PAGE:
The Burmese Python (Python bivittatus), is a snake that is found naturally occurring in a large area of tropical South and Southeast Asia. Their average lifespan in the wild is 20-25 years (NationalGeographic.com), grow to be 16ft-23ft in length, and can weigh an upwards of 200lbs. These snakes are very popular in the pet trade and can be purchased quite easily throughout the United States. Here in Florida, however, they have become a nuisance. Between raging storms destroying warehouses and freeing the captive pythons, and careless owners releasing their pets into the wild once they reach an unmanageable size, the Burmese python has an established population in south Florida – mainly in the Everglades.
Well over 2,000 pythons have been removed from the Everglades National Park (ww.nps.gov) since 2002. This is only a tiny portion of the population that is present down here in south Florida. The pythons have inflicted a devastating impact on the ecosystem in the Everglades – feasting on the native birds, mammals, and reptiles found in the ‘glades. This includes the previously endangered Wood Storks, which are currently listed as a “threatened” species (and are imperiled in the state of Florida). Below is an image showing what a Burmese python needs to consume in order to grow to be 13ft.
Two formal python management programs have been established in south Florida. One program is through the South Florida Water Management District, and the second is through Florida Fish and Wildlife Conservation Commission (FWC). These programs were begun in order to enhance python removal in south Florida by specifically targeting areas and effort for the removal of the pythons, which has been one of the most successful way to remove pythons to date.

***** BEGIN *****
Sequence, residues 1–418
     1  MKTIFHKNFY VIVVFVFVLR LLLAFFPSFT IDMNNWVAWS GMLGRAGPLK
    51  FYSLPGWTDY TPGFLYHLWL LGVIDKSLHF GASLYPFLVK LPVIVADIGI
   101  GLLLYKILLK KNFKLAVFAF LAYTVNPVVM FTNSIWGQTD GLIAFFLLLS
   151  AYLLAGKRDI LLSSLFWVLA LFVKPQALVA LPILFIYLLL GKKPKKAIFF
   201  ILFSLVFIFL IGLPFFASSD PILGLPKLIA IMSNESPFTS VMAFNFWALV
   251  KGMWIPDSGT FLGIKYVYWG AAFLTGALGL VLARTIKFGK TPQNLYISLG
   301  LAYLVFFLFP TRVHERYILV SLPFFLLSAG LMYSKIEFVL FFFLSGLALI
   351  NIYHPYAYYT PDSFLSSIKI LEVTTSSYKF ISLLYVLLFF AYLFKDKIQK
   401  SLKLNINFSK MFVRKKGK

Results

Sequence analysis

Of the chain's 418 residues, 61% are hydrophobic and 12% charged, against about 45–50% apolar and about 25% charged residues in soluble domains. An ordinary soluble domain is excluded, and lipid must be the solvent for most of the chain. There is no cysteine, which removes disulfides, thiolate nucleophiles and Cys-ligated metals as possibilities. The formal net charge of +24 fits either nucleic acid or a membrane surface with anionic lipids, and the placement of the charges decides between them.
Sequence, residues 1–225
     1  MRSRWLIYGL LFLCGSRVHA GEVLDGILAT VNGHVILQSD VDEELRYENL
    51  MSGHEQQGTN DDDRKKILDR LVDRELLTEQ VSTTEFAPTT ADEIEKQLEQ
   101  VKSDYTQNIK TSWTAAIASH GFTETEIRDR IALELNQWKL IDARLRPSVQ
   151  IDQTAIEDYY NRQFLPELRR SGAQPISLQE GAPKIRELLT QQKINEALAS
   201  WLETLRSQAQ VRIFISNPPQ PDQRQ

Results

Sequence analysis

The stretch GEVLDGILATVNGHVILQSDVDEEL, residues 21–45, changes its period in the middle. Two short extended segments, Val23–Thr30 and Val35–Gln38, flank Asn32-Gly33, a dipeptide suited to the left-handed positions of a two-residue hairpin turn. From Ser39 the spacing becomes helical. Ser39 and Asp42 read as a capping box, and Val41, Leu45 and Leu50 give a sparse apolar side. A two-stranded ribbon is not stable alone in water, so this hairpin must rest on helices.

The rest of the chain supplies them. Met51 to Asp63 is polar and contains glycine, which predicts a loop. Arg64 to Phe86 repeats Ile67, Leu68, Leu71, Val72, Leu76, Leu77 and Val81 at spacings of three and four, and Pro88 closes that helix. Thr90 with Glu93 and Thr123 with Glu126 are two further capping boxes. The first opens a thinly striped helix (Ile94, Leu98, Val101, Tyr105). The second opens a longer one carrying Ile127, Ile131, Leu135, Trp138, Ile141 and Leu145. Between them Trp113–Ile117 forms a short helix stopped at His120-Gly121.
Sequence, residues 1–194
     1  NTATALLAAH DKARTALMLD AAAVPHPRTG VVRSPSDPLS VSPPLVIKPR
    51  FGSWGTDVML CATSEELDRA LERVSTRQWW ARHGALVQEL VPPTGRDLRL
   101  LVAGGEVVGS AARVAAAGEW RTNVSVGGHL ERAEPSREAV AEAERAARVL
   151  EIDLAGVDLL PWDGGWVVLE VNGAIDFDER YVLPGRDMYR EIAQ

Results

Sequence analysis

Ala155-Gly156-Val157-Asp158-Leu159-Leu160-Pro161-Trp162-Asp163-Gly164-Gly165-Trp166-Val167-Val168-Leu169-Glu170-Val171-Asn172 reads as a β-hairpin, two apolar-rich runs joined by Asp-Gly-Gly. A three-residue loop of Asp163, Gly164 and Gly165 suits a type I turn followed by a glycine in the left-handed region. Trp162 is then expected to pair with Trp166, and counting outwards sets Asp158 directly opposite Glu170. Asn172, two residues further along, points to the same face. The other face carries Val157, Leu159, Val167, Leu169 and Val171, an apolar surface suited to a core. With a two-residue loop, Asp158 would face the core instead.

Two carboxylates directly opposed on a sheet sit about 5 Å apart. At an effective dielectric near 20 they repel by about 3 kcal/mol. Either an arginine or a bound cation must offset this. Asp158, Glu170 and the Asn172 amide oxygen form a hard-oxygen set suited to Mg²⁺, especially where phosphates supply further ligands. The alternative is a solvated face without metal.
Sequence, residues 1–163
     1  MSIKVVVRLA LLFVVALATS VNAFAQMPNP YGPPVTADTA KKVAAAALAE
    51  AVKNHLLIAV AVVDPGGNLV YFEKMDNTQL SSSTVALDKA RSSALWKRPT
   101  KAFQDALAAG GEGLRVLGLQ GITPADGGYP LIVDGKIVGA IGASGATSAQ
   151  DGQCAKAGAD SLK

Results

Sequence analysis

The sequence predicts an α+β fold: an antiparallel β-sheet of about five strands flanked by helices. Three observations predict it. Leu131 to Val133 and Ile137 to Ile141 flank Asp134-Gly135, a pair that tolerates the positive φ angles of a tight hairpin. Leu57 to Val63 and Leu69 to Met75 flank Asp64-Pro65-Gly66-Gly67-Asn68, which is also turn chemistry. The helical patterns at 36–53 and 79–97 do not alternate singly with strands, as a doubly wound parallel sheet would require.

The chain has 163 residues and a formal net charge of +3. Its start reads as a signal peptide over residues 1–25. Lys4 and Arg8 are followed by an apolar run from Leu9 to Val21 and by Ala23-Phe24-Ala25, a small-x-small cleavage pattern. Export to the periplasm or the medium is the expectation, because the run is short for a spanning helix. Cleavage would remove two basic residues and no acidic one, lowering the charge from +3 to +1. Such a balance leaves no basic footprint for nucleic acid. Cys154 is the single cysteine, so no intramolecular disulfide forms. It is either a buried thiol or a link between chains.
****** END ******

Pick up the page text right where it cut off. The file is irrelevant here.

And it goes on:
FWC Python Removal Contractor Program (PRCP)
This program was developed to involve qualified individuals with python management. These individuals must be experienced with the capture and removal of nonnative constrictors through a previous python permit obtained through a FWC python challenge event, work through a national park or preserve, or as a contractor for the South Florida Water Management District python program. They must also not have any previous violations on any FWC issued permits or wildlife-related citations and project a positive image of FWC and the python program at all times. These hunters also assume all liability for health, welfare, and safety of themselves and those assisting them.
The contractors are paid between $8.46/hour - $15/hour depending on the location that they survey. Each python nest is worth $200, and every python removed is $50 for the first 4 feet, and another $25 for every foot after the first 4 feet.